In 1982, a month after their wedding, Mark and Linda Jacobson moved to Kenya. Three years later they accepted a call with the Lutheran Church in America, a predecessor church of the ELCA, to serve as community health workers with the Arusha Diocese of the Evangelical Lutheran Church in Tanzania (ELCT). Little did they know that they would become the ELCA’s longest-serving active mission personnel, with 38 years of service.
Mission Support, which funds ELCA mission personnel, makes the Jacobsons’ work possible.
In the beginning, Mark, a doctor, supported Maasai community health workers in six small primary-care clinics . He quickly concluded that,
So, with the ELCT, he developed one of the clinics into Selian Lutheran Hospital, which now provides care in orthopedics, fistula, hospice and other areas.
Then he and his team opened the Arusha Lutheran Medical Centre, creating training programs for medical officers and nurses and opening a rehabilitation center for children recovering from surgery. Mark said he’s proud of the work he and his colleagues have done together and loves seeing his colleagues’ skillful leadership of the medical center since he stepped down from his leadership role there.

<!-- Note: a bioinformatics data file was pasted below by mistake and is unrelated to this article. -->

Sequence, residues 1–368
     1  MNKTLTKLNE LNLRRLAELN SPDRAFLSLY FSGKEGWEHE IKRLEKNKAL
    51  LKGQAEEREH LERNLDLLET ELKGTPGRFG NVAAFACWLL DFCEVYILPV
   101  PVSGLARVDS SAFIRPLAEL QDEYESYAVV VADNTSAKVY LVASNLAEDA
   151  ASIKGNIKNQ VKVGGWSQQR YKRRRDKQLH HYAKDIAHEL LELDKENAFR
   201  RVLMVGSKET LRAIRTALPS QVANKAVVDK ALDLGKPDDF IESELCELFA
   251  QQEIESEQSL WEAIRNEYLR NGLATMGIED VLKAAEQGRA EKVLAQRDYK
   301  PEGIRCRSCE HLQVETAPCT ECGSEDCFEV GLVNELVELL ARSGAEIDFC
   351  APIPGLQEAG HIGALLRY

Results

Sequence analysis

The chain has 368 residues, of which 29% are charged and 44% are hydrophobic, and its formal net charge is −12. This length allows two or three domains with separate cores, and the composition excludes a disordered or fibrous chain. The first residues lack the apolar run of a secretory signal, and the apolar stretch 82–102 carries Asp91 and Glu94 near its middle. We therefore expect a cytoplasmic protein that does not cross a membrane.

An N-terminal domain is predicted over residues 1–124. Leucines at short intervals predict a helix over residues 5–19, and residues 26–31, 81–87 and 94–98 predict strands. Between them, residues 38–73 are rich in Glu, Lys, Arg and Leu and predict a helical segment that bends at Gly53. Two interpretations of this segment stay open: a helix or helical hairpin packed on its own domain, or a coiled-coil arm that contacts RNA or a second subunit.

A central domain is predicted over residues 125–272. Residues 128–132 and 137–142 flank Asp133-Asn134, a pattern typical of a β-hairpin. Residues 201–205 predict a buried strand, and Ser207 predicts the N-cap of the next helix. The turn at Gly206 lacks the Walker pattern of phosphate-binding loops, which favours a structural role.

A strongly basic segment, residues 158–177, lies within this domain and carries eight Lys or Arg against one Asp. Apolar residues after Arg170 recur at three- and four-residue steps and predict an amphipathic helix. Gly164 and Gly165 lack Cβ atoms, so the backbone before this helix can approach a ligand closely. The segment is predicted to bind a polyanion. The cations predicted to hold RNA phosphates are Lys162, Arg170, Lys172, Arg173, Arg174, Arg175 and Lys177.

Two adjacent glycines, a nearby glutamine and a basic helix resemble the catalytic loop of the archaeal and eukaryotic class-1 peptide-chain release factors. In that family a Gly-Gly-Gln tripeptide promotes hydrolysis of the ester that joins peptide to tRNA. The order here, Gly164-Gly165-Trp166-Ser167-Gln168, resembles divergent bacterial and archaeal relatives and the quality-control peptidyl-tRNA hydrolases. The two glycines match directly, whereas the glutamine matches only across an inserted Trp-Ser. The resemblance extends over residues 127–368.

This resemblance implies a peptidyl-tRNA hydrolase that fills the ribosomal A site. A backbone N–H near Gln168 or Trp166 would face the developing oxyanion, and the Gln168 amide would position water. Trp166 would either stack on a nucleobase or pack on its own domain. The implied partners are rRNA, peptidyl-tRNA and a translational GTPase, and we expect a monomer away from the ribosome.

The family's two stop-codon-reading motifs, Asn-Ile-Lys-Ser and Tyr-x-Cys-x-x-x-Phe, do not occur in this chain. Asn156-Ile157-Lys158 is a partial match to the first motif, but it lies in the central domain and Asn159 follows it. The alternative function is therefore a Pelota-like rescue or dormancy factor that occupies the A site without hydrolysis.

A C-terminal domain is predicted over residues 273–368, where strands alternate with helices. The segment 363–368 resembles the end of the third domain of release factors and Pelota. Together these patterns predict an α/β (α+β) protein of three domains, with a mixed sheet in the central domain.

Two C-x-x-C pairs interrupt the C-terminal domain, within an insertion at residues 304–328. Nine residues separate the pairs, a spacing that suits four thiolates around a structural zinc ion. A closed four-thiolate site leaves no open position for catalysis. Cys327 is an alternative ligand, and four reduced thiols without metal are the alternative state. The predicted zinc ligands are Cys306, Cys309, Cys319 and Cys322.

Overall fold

After working briefly in one of the clinics and then in hospital labs, Linda focused on coordinating volunteers, offering hospitality and arranging housing for visiting medical students and interns. But her most substantial accomplishment may be the support group Widow’s Might, launched to counter Tanzania’s practice of disinheriting widows. When a Tanzanian woman’s husband dies, their property goes not to her but to her in-laws. Not every widow’s in-laws claim the inheritance, but Evelyn (last name withheld) and her children stood to lose their house.
“I’m not going to fight my family,” Linda remembers her saying. “I’m just going to work. God will help me.”
Together, Evelyn and Linda launched Widow’s Might, whose members support their families by weaving, sewing, embroidering and beading.
Remembering her life in Tanzania, Linda is most struck by her neighbors’ faith.
For 38 years, Mark and Linda Jacobson have worked in the health field in Tanzania, becoming the ELCA’s longest-serving missionaries. In partnership with Tanzanian leaders, they’ve developed the Arusha Lutheran Medical Centre, started the Widow’s Might craft project and more. Their powerful story is featured in the new 30-minute documentary “Kuambatana,” which means accompaniment in Kiswahili.